Thursday, February 12, 2009

Final (not the last) attempt at VIM

Being an ardent Open source / Linux fan believer, you might be surprised to know that i am still a newbie with vim. Perhaps the only commands i know on vi till now are (i, q, wq and q!).

The editor of my choice happens to be Source Insight with its cool features like context window(a dedicated window which takes you to the definition of the symbol, as soon as you place your cursor onto the symbol on the main window - Since the entire project source code is indexed periodically, this works amazingly fast even for a massive project like the Linux kernel which may span across many 10,000s of files) and call graphs. Though i didn't intend to make this blog an advertisement to Source Insight, i cant help the way it is coming out.

Instead this should be taken as a challenge by the open Source community including me to come up with a stunning GUI development suite which can challenge the mighty SourceInsight. But i seriously doubt whether any work in this direction will materialize in Open Source leave alone start. This is because as far as i know, in Open Source/ Linux community, any developer worth his salt is already addicted to either of the two stalwarts vi or Emacs, mostly the former one(i respect both of them - well aware of their capabilities , but never had the patience or memory to master the long list of commands and neither do i believe that, even if i manage to learn all the commands, it still would improve my development efficiency to any significant level above SI ... who knows after i may find myself disproved). Thanks to my friend Xavier who introduced me to this editor.

Till my first date with SI, i was wasting my time with some cheap and crappy editors like edit plus (where the only way to find the definition of a symbol was to do a find in files - it was okay there as the projects there never exceeded more than 100 files) at SCM (my previous employer).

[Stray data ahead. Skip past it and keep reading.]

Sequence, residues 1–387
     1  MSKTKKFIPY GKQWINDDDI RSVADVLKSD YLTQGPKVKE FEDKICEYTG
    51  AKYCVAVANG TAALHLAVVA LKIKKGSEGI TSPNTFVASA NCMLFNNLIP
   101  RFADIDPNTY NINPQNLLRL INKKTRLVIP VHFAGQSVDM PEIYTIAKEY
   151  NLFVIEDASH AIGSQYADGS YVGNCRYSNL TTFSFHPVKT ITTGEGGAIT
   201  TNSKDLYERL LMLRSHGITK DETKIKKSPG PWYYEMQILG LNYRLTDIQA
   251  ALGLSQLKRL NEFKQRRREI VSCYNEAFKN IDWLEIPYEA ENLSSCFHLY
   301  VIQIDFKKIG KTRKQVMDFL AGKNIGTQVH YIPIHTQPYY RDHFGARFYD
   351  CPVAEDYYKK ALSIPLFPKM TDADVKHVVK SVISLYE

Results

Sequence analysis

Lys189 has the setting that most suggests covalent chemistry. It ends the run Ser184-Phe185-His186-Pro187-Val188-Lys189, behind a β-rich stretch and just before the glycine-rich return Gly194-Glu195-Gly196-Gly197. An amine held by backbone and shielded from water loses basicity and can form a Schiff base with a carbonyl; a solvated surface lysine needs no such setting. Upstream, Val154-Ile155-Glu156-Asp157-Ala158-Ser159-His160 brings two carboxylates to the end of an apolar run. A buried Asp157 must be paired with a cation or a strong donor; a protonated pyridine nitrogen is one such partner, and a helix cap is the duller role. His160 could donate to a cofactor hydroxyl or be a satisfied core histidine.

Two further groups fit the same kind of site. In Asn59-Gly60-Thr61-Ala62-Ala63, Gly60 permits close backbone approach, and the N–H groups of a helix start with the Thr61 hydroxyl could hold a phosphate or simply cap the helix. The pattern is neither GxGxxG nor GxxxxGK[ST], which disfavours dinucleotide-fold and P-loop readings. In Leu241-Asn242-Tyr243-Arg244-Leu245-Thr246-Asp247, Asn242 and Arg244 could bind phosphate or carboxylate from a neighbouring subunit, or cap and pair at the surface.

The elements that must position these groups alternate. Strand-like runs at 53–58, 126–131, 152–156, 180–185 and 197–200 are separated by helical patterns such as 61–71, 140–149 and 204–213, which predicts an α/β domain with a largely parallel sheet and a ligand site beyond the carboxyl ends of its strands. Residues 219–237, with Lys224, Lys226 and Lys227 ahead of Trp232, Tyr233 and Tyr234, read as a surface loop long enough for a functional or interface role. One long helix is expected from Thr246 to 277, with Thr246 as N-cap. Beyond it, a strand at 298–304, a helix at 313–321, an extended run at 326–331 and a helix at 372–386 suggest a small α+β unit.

I am deliberately taking this instant to take a dig at a couple of people at this juncture. These were the reactions of a couple of ppl who were mostly used to VC 6 ide / edit plus when i explained them about SI.
One of the wizards at SCM commented , this editor may have lot of fancy features, but frankly i don't think you need anything more than edit plus to code ... (what to say, i can only sympathize with his narrow vision and obsession to absurdity).

Coming back to our topic vi. One anecdote on vi which still makes me laugh goes like this : There is this guy called Sinu (SKJ) one of my class mates / project group mate from ModelEnggColl .... quite a knowledgeable and technically competent person with a good sense of humor ... Once i was at his place , so in between our conversation after i told him that i mostly work on Linux kernel based embedded devices, he casually asked me whether i used Vi. I replied in negative. Then came his reply that i am luckily spared , and that his hands are itching to thrash any one and every one who used vi and crossed his path.
The story goes like this Mr SKJ and his colleague - a self proclaimed vi expert (newbie) one day before some release finds that certain changes needs to be done to a file while testing on the target. so our expert showed all his VI expertise on the file and later confessed that the only way to get back the original file was to retype it once again in some other normal editor. (Dont ask me whether he didn't have a back of the original point - you are missing the point).